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Fed Gets The Accounts Out Of Line…Mr. Margin Gets Them In Line

September 21, 2016

Signs of The Times

"Russia, Saudi Arabia Pledge to Stabilize Oil Output"

– FuelFix, September 5.

"Opinion: 'Helicopter Money' May Give Fed the Inflation it Wants"

– MarketWatch, September 6.

"An OPEC Production Freeze Could See Oil Prices Rise to $60"

–, September 6.

"NYC Luxury Real Estate Weakness Spreading As Lower Pricing Tiers Tank"

– Zero Hedge, September 7.

"Libor's Reaching Point of Pain for Companies with Big Debt Loads"

– Bloomberg, September 13.

"China's Debt Soars into Space"

"Astronomical Credit Binge Exceeds 2009"

– Wall Street Journal, September 13.


This week's harvest of headlines records a lot of hope in the crude oil markets as well as remarkably reckless borrowing. Matched, of course, by the equivalent in lending.

All without a regard for how the debt will be serviced. Financial history is at the point where the real power shifts from the Federal Reserve System to Mister Margin. It has many times since 1913 and since the advent of reckless central banking the roles of each side have become very distinct.

The Fed's ambition is to get the accounts fully leveraged or "out of line". This has been impressive. Mr. Margin's job description is to get the accounts "in line" and that will be done.

It could take until November.

Stock Markets

Market dynamics have been outstanding. Outstanding in setting a series of important tops, perhaps adding up to "Peak" for the senior indexes and a big "Rounding Rebound" for the broad market.

Our case has been is that central bank equity buying had to focus upon the big stocks— the "Nifty 500".

With so many central banks buying the popular trades, Long Term Capital Management (LTCM) comes to mind. It was in 1998 and LTCM had an outstanding reputation in theoretical pricing of options. So outstanding, that senior central banks made direct loans to the highly leveraged fund. The Bank of Italy did this and took an equity position as well.

The wager was that with the European Union, credit spreads would narrow. That was the theory. We pointed out that even with the serious discipline of a gold standard spreads did not narrow to a common level.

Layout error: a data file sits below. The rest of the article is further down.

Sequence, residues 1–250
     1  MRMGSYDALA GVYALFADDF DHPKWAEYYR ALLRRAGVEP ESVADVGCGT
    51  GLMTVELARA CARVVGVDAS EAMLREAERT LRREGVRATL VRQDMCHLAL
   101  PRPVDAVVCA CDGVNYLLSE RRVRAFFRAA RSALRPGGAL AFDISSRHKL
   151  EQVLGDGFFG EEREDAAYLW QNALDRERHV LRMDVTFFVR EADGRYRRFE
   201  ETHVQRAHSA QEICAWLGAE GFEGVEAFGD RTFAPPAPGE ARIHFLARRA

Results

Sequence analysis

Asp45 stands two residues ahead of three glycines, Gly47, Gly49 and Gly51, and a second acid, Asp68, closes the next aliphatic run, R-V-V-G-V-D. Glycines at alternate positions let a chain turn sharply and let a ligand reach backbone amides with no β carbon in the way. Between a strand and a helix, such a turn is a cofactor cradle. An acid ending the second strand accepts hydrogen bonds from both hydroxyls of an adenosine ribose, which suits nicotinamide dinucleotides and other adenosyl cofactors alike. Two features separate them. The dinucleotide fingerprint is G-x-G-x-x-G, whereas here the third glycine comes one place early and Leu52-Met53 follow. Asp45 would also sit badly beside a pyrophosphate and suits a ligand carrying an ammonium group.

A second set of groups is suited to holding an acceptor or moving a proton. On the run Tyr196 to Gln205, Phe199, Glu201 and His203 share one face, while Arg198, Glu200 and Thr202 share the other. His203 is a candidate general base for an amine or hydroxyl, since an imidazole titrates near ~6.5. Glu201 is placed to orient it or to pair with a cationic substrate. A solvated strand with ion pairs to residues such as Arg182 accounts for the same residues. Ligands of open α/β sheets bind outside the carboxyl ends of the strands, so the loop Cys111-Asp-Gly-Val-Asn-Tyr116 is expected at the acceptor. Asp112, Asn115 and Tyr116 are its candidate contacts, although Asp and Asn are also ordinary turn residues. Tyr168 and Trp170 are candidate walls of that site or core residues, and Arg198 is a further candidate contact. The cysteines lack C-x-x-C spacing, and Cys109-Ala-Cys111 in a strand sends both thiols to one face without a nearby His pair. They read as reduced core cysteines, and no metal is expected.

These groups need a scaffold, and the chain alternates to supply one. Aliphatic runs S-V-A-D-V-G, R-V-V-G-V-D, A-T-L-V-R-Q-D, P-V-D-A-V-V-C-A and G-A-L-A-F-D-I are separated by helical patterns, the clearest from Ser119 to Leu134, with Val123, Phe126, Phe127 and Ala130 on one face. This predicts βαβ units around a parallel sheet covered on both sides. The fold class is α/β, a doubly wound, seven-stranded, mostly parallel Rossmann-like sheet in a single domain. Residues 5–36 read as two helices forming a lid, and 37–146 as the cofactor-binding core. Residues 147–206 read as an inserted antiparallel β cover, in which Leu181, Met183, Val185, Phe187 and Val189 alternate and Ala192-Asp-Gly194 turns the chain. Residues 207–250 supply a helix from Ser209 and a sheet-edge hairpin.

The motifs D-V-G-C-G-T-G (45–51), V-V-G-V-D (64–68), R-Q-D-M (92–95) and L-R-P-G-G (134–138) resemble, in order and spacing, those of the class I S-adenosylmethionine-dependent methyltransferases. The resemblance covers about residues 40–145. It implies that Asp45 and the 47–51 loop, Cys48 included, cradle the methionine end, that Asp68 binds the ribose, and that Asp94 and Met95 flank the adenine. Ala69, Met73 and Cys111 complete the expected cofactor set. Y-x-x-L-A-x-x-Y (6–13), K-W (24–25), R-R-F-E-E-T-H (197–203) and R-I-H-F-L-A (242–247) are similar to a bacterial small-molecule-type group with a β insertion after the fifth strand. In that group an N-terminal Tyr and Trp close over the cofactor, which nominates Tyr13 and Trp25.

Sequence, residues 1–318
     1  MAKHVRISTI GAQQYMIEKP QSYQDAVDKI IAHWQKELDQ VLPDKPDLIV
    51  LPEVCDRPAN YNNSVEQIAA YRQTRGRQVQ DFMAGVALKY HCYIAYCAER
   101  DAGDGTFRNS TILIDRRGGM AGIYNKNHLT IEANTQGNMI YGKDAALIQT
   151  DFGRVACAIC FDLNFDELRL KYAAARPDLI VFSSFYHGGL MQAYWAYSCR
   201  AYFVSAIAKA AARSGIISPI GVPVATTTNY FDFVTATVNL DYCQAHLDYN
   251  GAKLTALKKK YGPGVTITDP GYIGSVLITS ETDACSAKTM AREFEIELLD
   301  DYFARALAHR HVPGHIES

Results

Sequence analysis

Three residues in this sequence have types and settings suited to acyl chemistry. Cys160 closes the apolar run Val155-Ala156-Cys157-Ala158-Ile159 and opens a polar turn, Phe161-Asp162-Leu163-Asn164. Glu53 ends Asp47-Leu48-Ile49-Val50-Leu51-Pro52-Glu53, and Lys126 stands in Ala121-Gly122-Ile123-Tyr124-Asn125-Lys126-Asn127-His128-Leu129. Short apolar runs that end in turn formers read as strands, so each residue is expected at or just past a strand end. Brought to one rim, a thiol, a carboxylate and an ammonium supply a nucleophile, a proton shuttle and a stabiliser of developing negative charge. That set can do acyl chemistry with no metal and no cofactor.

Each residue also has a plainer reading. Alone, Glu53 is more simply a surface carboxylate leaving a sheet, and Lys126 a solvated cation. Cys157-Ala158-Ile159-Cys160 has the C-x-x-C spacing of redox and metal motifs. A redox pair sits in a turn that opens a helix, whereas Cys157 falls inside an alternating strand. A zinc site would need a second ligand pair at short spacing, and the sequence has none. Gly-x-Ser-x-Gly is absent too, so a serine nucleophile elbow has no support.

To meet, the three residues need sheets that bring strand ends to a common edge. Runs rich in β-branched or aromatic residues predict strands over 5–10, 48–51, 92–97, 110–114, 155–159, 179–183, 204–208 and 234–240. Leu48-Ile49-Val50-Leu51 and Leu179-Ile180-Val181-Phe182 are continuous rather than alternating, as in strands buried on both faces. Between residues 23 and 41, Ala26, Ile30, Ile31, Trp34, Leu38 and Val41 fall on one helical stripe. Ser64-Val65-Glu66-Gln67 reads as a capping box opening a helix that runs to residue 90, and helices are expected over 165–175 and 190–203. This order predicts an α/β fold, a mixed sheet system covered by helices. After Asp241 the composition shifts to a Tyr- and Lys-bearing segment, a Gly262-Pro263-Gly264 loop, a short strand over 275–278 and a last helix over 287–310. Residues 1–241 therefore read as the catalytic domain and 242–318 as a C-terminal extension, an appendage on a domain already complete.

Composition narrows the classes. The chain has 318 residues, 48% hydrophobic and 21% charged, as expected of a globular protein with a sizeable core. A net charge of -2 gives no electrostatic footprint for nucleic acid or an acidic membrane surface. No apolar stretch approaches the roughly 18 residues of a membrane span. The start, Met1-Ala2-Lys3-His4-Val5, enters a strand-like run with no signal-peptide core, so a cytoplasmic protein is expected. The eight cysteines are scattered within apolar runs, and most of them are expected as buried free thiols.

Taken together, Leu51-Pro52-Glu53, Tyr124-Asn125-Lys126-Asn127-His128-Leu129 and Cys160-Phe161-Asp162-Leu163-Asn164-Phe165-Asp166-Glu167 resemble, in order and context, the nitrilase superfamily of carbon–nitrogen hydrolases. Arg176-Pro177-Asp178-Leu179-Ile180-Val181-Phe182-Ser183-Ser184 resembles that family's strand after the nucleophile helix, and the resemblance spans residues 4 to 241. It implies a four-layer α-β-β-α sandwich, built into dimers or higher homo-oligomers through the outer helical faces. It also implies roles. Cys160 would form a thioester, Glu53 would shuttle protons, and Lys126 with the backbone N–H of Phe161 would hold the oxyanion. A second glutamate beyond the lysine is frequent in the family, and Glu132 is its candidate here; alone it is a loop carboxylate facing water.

On a natural turn to widening that summer LTCM was suddenly and irrevocably offside. It lost $4.6 billion in less than four months.

The fund collapsed to effectively less than zero and the distress amongst the central banking community was palpable. This added to the overall panic.

Now there are many central banks that are very long, as we note, the popular trades, including equities.

"Come on in – all the lemmings are doing it!"

In 2000 and 2007, the Street stayed long because the Fed would "cut rates". This is not an option now, so the equivalent mojo is that central banks will "buy more assets".

Rather an interesting evolution of the "Greater Fool" theory.

As with previous market peaks, credit strains are becoming visible and are forcing stock markets down.

How far?

It will take a cyclical bear to clear the financial excesses.

The hot leading sectors accomplished speculative excesses that were noted as they occurred.

The action in Utilities (XLU) climaxed in early July. Base and Precious Metal Miners (XME and HUI) at the end of July. All three are breaking down.

Over in the financials, last week we noted that the action in XLF has registered an Upside Exhaustion as well as a Sequential Sell. Enough technical excess to call for another "Widows & Orphans Short". The last one was in July last year and mainly based upon the action in Wells Fargo.

BKX fell from 80 to 53 in February and has rallied up to 72. The recent technical readings are more comprehensive than last year's.

Transports did not confirm the Dow high and have slipped below the 50-Day moving average at 7854. Now at 7771, through the 200-Day at 7624 would turn the chart down. On the broad market, the NYA did not set new highs and we have been watching the 20- Week ema. This is at 10568 and with the index at 10505 today, the break is significant. The equity wager now is not on a "Fed cut", but that central bank promises to buy assets will be effective.


Once again it is time to review the theory that currency depreciation is the mojo for economic growth. And when that theory is faltering depreciation becomes the preventer of bad things.

Of course, veteran traders have never really gone along with this.

The most glaring thing out there is that the theory has never worked. Now it is becoming more apparent.

The question has always been. When do the Federales learn to doubt?

The next dollar rally may instruct.

Since the first of August, the DX has been in a trading range between 94 and 96.25. The last low was last week at 94.39. At 95.50 now, there is resistance at the 96 level which is between the 50 and 200-Day moving averages.

Technically, the DX needs to get above the 20-Week ema to start the rise. This would be similar to the "launch" in July 2014.

It got slightly above last week and the ema is at 95.61.

Hedge Fund Redemptions

International Treasury Bond Index

  • Sequential Sells were generated going into the top.
  • That was on the 9 and 13-Week readings.
  • The 20-Week ema governed the corrections on the way down into late 2015.
  • The same ema governed on the way up.
  • Taking it out will formally turn the global treasury market down.

Listen to the Bob Hoye Podcast every Friday afternoon at

Bob Hoye is the chief financial strategist of Institutional Advisers.

With gold stolen by Conquistador Francisco Pizarro from the Inca Empire in 1532, Spain financed its conquest of Europe.
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